The key to the next stage of Apple's iOS mobile experience may lie not in the number of changes the company makes to its software but in the kind of changes it makes.
By marrying a UI redesign with deeper changes that let iOS handle more complex tasks more easily, Apple can consolidate its position as the definitive post-PC platform. The world will be able to evaluate those changes on Monday, June 10, when Apple reveals iOS 7 at its Worldwide Developers Conference in San Francisco.
Over the past week, some details from apparently credible sources indicate that at the least Apple will introduce a new visual style to the user interface layer of the operating system. But unless or until these are married with deeper changes they will remain, precisely, surface changes that by definition will have little impact on the user experience.
While there's no lack of specific changes being called for by developers, users and bloggers, it's easy to lose sight of the forest for the trees. The question is whether the specific changes made by Apple are part of an overall plan for sustaining iOS as the definitive post-PC computing platform. "Plan" doesn't mean an unchanging scheme set before the release of the first iPhone in 2007. Rather it means a flexible, disciplined way of constantly questioning how Apple iOS fits with the Apple hardware and services that, together, constitute the "mobile experience" for Apple users.
This marriage of visual UI changes and underlying OS changes also has some direct implications for one subset of Apple users: those in the enterprise.
The iOS 7 UI changes, such as those described by Mark Gurman's reporting for 9to5Mac, suggest that Apple Senior Vice President for Industrial Design Jonathan Ive is looking to create more visual consistency, based on a simplified layout and color palette, that dispenses with visual cues of textures and shadings. Part of this approach also could be minimizing and simplifying the pixel-eating "chrome" that surrounds onscreen information. Together, these changes can form a new surface style that can improve navigation, which requires knowing both where you are and where you're going, and in this case, what you're doing and what you want to do.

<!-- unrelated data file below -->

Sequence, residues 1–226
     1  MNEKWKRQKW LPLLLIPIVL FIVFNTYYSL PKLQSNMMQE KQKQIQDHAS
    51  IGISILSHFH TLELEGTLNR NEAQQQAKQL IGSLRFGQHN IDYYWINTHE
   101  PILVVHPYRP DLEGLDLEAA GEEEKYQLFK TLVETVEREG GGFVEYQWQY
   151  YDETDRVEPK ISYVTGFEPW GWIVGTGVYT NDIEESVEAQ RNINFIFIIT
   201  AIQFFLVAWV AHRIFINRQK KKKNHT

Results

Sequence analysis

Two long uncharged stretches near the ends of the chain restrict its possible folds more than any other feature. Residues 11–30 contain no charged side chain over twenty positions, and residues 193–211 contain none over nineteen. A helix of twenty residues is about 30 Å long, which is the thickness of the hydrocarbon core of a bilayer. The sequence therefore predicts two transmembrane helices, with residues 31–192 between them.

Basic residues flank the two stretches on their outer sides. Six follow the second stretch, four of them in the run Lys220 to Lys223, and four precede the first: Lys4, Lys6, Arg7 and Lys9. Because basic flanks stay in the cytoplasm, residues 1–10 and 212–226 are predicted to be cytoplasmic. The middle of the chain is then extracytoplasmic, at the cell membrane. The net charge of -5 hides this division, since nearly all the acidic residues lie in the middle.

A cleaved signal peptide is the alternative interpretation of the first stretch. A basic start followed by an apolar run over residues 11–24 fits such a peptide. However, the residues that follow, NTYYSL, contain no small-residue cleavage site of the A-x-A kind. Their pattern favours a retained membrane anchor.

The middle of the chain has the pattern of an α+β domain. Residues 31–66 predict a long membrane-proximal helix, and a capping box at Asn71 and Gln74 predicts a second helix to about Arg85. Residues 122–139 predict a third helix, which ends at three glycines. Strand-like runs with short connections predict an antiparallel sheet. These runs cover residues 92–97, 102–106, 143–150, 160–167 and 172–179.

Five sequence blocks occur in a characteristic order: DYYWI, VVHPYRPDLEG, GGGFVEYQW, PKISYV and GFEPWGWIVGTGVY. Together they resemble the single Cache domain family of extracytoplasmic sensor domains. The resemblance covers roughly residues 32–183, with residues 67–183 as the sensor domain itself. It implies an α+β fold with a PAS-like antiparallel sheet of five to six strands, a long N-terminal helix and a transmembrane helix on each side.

The "doing" aspect of UI design calls for reaching beneath the surface to the underlying kernel.
One way to think about the deeper changes is suggested by Fraser Speirs in a recent blog post. Speirs (@fraserspeirs) is the head of computing and IT at Cedars School of Excellence, "the world's first 1:1 iPad school," in Greenock, Scotland. He is an Apple distinguished educator, Apple education mentor and Apple professional development trainer. He shares the Out of School blog and podcasting site -- "the intersection of technology and education" -- with Bradley Chambers, director of information technology for Brainerd Baptist School, Chattanooga, Tenn.
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